In the light of the above agreement and the relevant law (supra), we have to examine the impugned action of Ld. CIT(A). According to AO/Ld. CIT(A) since the possession of land has been handed over by the assessee to the developer on execution of the agreement dated 20.10.2010, the transfer of property have taken place in view of the Section 2(47) (v) of the Act r.w. Section 53A of the Transfer of Property Act, 1882. In this regard, the Ld. Counsel for the assessee contended that on perusal of the agreement executed by the assessee with the developer would reveal that there was no transfer of a capital assets in view of the provisions of Section 2(47) (v) of the Act r.w. Section 53A of the TOPA. According to him, in order to attract provisions of Section 53A of the TOPA, first and foremost, the transferee must, in part performance of the contract, have taken possession of the property or any part thereof. Secondly, the transferee must have performed or be willing to perform his part of the agreement. It is only when these two important conditions, among others, are satisfied that the provisions of Section 53A of the TOPA can be said to be attracted on the facts of a given case and referred to the decision of the Hon’ble Supreme Court in the case of Seshasayee Steels Pvt. Ltd. Civil Appeal .
Having perused the sale-cum-developments agreement dated 20.10.2010 it is noted that as per the terms of the ibid agreement, the assessee shall hand over physical possession of the property to the purchaser cum developer after the purchaser cum developer obtain IOD (i.e. Intimation of Disapproval) from the competent authority for the purpose of development. IOD has to be issued by the local authority Municipal Corporation of Greater Mumbai (MCGM). As per the agreement, the assessee only has to hand over possession of the immovable property in the event the transferee obtains the IOD from the MCGM. So it is noted that the possession of property to transferee will be only after he obtains the IOD from MCGM and in this case, the IOD (the intimation of disapproval) was undisputedly issued by the MCGM only on 15.04.2013 (i.e. in AY. 2014-15). Thereafter only assessee need to hand over the vacant and peaceful possession of the property to the transferee/developer i.e, only on or after 15.04.2013. Thus, it is seen that AO/Ld. CIT(A) erred in assuming that assessee by virtue of the sale-cum-development agreement dated 20.10.2010 has handed over/allowed the transferee to take possession of the immovable property and thus erroneously held that section 53A of TOPA read with section 2(47)(v) of the Act stood attracted.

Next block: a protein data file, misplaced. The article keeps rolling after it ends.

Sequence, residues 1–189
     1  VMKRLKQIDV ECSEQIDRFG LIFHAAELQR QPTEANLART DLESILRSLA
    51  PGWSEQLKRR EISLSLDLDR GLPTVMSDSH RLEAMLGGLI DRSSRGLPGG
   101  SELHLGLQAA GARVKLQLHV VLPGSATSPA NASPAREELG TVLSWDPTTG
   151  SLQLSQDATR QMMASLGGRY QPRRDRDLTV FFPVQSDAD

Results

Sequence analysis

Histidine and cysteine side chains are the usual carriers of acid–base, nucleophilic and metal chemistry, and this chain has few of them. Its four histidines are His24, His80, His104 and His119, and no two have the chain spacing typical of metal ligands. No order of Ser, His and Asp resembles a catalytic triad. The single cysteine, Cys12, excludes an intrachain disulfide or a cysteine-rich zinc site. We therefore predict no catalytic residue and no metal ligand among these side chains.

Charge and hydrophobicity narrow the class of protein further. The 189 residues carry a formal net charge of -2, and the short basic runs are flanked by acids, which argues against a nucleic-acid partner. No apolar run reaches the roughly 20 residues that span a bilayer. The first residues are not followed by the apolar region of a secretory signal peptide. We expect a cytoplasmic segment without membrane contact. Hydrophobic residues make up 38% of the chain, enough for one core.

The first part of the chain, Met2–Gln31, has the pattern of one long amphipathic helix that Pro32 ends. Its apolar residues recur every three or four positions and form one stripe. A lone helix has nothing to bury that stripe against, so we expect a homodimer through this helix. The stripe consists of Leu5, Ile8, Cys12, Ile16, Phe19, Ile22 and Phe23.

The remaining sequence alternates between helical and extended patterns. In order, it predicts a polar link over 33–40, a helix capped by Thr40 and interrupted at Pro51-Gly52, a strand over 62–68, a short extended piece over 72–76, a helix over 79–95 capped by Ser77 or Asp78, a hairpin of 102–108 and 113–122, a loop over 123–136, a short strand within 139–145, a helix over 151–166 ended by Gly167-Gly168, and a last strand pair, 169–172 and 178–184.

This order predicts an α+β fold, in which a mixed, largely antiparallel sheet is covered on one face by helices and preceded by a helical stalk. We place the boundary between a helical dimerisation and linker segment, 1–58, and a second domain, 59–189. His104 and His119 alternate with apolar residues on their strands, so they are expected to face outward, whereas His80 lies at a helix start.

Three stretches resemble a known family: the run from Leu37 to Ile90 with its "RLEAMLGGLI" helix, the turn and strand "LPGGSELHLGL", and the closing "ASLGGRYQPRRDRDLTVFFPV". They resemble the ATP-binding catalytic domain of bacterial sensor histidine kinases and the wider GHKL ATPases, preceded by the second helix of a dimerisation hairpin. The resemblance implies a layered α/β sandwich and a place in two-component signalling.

Thus the court note that AO/Ld. CIT(A) mis-interpreted the agreement dated 20.10.2010 and applied the law erroneously, so their impugned action cannot be sustained. Having held so, the court further note that there was no evidence/material before AO/LD CIT(A) to suggest that the assessee has given possession of the property to the developer before the IOD was issued by the MCGM and any way that is not the case of AO/Ld. CIT(A). In this regard, the court note that assessee has produced evidence to substantiate that he had not vacated the house in the immovable property till IOD was issued by MCGM. For that he has has filed the Electricity Bill in the name of assessee (Mahesh Saini) for the month of April 2011- June 2011, April-2012 – June 2012 found placed P.B-III and Property Tax Bill issued by BMC in the name of Mother of assessee Smt. Parvati Devi of Property No. 1481 & 1482 upto 28.12.2012 (Receipt dated 04.05.2012) found placed of the P.B-III. In the light of the facts discussed supra, the court find that there was no transfer of immovable property, so no capital gain could have been taxed in the hands of the assessee in this assessment year, therefore, the assessee succeeds.
The appeal of the assessee is allowed by the court.Mahesh-D.-Saini-Vs-ITO-ITAT-Mumbai